Bill to legalize recreational marijuana sales stalls in House of Delegates

Oregon Marijuana
Posted at 10:22 AM, Feb 28, 2022
and last updated 2022-03-01 17:20:47-05

RICHMOND, Va. — A bill to legalize recreational marijuana sales in 2022 has been continued to next year.

On a 5-3 party-line vote, the subcommittee defeated the measure from Sen. Adam Ebbin (D - Fairfax) that had cleared the Democrat-controlled Senate earlier this month.

Republicans said they wanted more time to review how sales would work.

“I think this is a bigger issue than we can correct in two weeks’ time,” Del. Jeff Campbell (R - Smyth County) said in a reference to the amount of time remaining in this year's legislative session.

In 2021, the General Assembly - then fully controlled by Democrats - legalized adult possession of up to an ounce of marijuana and laid the ground work for retail sales to begin in 2024.

But a reenactment clause in the legislation required the General Assembly to act again on establishing the complex regulatory structure for retail sales. Ebbin's bill as it cleared the Senate would have allowed for what he called “transitional sales,” letting existing medical marijuana providers and a limited number of industrial hemp processors to begin selling recreational marijuana in mid-September, more than a year before the full retail market would have opened in 2024.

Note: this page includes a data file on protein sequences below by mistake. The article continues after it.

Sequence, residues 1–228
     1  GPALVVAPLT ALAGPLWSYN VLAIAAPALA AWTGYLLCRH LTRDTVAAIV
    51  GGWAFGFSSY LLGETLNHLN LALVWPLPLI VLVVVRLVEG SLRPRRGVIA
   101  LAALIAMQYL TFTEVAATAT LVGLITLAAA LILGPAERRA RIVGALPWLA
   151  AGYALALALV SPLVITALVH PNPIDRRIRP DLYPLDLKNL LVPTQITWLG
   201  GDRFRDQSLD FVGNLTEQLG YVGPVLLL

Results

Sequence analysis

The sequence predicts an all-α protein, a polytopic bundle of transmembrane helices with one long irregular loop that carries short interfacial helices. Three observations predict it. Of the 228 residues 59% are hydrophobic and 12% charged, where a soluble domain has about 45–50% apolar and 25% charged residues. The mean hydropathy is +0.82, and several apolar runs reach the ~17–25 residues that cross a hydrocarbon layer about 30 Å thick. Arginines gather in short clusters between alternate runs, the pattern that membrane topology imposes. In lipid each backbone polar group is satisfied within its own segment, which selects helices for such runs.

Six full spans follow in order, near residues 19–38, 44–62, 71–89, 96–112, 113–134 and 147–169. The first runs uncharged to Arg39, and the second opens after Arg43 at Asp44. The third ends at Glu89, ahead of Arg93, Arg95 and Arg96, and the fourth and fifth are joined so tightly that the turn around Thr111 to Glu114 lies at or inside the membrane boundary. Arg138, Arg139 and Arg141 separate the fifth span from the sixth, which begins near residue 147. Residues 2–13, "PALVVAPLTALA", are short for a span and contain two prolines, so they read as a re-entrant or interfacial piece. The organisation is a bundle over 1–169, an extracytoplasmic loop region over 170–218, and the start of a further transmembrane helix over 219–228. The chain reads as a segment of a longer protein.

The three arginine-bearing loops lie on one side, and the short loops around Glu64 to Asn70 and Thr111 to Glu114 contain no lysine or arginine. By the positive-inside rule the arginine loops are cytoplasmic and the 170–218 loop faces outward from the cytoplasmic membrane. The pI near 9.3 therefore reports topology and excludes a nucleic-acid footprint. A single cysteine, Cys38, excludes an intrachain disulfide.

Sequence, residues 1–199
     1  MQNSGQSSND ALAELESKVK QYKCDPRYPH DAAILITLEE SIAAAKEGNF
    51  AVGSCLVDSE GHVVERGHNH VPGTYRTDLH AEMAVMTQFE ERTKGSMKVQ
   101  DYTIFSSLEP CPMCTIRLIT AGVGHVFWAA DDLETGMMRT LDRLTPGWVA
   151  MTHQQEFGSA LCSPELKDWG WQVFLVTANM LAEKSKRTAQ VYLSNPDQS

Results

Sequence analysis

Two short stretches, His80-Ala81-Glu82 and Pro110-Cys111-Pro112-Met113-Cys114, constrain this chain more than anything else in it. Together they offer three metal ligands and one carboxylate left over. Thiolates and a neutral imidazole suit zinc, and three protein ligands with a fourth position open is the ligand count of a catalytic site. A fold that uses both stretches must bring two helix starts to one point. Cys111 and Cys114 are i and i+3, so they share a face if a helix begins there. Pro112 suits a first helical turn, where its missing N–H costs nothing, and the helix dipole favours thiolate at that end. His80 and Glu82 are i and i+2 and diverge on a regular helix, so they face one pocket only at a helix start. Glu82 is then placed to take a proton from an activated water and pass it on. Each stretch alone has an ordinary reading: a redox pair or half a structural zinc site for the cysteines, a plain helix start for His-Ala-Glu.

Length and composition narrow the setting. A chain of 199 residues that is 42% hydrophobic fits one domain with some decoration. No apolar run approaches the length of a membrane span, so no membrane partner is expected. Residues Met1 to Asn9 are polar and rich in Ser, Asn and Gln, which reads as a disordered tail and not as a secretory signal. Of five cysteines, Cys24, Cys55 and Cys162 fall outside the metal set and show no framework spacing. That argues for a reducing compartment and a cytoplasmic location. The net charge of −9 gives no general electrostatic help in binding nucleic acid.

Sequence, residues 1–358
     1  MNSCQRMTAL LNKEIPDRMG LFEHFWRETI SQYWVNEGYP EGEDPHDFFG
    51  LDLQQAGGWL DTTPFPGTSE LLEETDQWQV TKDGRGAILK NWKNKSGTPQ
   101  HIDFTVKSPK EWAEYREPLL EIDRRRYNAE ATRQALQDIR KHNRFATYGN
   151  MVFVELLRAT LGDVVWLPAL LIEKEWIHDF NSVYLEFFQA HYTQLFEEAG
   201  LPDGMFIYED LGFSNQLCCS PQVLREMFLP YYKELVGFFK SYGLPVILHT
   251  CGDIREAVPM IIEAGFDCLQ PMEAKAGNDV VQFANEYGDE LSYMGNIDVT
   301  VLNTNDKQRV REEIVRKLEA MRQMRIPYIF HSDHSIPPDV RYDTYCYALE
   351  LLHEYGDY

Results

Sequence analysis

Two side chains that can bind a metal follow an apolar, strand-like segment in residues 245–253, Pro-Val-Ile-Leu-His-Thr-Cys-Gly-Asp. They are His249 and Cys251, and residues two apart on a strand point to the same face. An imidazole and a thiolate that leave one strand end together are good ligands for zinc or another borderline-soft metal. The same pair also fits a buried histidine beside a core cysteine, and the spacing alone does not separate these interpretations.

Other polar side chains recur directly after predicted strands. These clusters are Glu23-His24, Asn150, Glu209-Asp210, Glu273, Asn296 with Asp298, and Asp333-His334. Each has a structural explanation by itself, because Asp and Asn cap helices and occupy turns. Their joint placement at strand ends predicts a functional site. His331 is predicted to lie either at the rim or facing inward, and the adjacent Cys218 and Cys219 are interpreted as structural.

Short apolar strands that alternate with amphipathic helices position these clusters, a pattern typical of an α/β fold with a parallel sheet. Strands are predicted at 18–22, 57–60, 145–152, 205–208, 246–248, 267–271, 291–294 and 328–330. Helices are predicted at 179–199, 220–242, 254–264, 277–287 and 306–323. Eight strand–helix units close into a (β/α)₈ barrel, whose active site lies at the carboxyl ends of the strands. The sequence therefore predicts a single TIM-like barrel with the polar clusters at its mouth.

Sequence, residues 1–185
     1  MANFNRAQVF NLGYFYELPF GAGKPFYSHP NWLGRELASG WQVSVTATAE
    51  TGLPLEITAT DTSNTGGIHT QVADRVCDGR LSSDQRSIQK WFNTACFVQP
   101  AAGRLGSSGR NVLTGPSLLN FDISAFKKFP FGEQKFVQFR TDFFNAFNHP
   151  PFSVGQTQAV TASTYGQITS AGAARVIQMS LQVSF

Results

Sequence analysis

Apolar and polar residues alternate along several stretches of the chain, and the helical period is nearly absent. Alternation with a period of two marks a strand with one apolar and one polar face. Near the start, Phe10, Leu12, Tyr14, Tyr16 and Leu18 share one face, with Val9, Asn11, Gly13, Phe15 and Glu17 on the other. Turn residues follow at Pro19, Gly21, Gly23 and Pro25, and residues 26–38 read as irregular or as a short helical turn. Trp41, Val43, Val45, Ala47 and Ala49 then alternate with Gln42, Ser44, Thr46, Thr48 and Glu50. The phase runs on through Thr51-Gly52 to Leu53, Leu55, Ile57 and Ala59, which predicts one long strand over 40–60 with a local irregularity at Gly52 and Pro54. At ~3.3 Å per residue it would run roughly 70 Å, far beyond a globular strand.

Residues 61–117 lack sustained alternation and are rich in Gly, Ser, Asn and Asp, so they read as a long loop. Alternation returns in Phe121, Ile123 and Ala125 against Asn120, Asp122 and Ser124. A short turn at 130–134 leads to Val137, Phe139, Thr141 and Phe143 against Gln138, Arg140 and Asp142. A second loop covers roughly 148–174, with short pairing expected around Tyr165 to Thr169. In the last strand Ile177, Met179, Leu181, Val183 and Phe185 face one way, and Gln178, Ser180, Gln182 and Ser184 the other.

Both Republicans and Democrats at various points expressed support for moving up the date for retail sales to try to prevent growth in the illicit market. But a divide in the House GOP caucus over the issue became clear.

After their members filed at least eight bills that would have amended the 2021 legislation, the GOP House caucus opted not to take any action on those House measures before a legislative deadline.

Monday's action to defeat the Senate bill carried over the legislation to 2023.

The vote happened before the bill got a full hearing. Several Democrats spoke against the motion to continue the legislation.

“If we don’t have a bill that gives us a well-regulated, adult-use market amidst the backdrop of legalization in Virginia, we are basically providing a year for the growth and strengthening of the illicit market,” said Del. Dawn Adams (D - Richmond).


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